The Germans Have a Word for It

By Henry Lipput

At least I think they do.  There’s a German word, spechgesang, which, (very) loosely translated, refers to a spoken word type of singing.  It’s a way for people without a great voice to tell a story in a song (the most basic example would be Richard Burton in the original Broadway run of “Camelot“).  And on Leonard Cohen’s new album he presents his work in a way that insists that you listen to what he has to say.

Leonard Cohen, of course, is a legend.  Cohen made his mark as a poet in his native Canada and even on his debut album, Songs of Leonard Cohen, in 1967 he didn’t have much of a singing voice.  As the years have gone by he has recited more than sung his lyrics.

Old Ideas is Cohen’s first new album of new material since 2004’s Dear Heather.  He spent a couple of years at a Buddhist retreat but his then-trusted manager mis-managed millions of dollars of Cohen’s money.  Suddenly, with nothing left for his retirement, Cohen made the decision to go back on the road in 2008.

If you think that this would have turned a dark poet into a bitter old man, well you didn’t see him during his around-the-world concert tour or the DVD of his initial comeback concert in London.  A more humble, grateful man you may never see.  In his (now) trademark fedora, which he often took off to bow to the crowd, Cohen seemed to be as happy to see the audience as they were happy to see him

But there isn’t a lot of joy on Old Ideas.  I think the title of the song “Darkness” says a lot about the tone of the album:  “I used to love the rainbow … I loved the early morning … But I caught the darkness baby/And I got it worse than you.”  There’s also the dark shuffle of “Amen” and the rumble of his voice on “Show Me The Place” in which he approaches the gravely sounds of Tom Waits.  The love-less, love-starved narrator of “Anyhow” says “I know you have to hate me /But could you hate me less” and relates his tale to a jazzy, late-night arrangement not unlike one for the Fred Astaire/Frank Sinatra standard “One For My Baby.”

There is also religion and of course — because it’s Leonard Cohen — there is sex.  In “Show Me The Place” he writes “Show me the place/Help me roll away the stone” and “Show me the place/Where the Word became a man.”  There’s a church-like organ on “Come Healing” as well as hymn-like backing vocals from Sharon Robinson — a long-time collaborator with Cohen — and the Webb Sisters, all of whom were musicians on the world tour.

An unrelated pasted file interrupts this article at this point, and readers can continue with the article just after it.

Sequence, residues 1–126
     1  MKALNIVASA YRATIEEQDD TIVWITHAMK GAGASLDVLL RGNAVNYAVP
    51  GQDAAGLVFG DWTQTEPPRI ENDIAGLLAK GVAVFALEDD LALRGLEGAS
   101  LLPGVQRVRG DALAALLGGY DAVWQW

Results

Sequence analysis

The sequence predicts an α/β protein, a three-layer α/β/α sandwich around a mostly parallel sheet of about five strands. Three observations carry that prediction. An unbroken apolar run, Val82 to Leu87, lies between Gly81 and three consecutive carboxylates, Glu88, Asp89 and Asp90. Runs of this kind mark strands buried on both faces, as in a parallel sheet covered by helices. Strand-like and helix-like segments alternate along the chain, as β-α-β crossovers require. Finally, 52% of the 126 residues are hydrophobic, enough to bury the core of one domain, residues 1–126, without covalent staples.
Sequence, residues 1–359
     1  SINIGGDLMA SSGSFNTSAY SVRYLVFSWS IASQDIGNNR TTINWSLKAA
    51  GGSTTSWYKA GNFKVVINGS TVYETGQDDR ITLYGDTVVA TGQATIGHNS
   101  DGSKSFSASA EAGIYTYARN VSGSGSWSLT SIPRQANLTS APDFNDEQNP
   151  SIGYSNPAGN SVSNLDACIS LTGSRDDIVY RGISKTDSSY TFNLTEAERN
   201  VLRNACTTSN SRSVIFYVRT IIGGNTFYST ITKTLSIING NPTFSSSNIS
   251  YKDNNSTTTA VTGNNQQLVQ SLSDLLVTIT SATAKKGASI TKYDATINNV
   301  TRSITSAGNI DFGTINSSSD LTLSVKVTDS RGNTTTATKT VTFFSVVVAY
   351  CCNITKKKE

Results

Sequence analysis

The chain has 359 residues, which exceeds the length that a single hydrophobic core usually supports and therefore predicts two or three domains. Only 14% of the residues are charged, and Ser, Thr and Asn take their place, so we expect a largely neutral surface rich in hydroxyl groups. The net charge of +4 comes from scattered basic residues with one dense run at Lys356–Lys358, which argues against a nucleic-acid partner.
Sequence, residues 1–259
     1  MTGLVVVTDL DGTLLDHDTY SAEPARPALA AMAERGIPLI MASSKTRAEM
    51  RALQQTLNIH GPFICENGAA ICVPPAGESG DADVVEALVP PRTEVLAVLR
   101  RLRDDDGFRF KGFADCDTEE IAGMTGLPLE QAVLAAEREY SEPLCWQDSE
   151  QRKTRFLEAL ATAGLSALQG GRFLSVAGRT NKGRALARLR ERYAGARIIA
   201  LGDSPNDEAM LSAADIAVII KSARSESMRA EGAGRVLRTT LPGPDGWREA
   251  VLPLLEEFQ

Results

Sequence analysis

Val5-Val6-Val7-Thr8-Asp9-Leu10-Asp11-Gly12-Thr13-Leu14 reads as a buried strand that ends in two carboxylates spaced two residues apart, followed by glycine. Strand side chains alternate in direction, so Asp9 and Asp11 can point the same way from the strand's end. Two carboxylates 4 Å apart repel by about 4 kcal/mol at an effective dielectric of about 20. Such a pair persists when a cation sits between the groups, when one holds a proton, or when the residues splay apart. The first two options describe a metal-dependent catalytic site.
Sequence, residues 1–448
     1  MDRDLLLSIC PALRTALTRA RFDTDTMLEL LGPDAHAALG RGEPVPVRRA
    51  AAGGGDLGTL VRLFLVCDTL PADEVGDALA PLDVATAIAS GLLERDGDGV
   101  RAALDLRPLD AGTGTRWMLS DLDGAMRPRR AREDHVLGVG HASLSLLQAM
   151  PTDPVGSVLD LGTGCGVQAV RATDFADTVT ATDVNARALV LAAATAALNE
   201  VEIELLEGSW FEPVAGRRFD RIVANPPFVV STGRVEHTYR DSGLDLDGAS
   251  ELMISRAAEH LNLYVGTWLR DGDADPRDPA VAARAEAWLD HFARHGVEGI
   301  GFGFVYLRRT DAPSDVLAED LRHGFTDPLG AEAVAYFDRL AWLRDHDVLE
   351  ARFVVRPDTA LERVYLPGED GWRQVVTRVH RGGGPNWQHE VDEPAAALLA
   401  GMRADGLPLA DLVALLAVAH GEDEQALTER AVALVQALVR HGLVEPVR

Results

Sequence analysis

My favorite song on the album is “Different Sides.“  And like “Hallelujah” it‘s a perfect blend of religion and sex — — and don’t let anyone tell you that “Hallelujah” is not about sex.  Religion comes through with the lines “I to my side call the meek and the mild/You to your side call the Word” and the sex is there with “But frankly I don’t like your tone/You want to change the way I make love/I want to leave it alone.”

But this album isn’t a downer.  It’s smart, literate, and well played.  Old Ideas is another realistic statement from a poet approaching his 80th year and who hasn’t stopped thinking about life, love, religion, and sex.

Henry Lipput is a writer living in the Pittsburgh, PA, area. He has written fundraising scripts and letters, proposals, and technical manuals and reports for a telefundraising company, defense contractors, and engineering companies. He has also written freelance articles on specialty advertising, health care, small businesses, and general interest topics for both national and local publications.  

Henry wrote the book for a one-act musical, “Paradise Misplaced,” which was produced Off-Off-Off Broadway and his play “The Outside Agitator” was given stage readings in Philadelphia.  He is currently working on a new play inspired by Moliere’s “The Misanthrope” and has been desperately seeking a composer/lyricist to collaborate on a new musical.

You can send questions, comments, or concerns to Henry at h_lipput@hotmail.com or on Twitter at @Hlipput.

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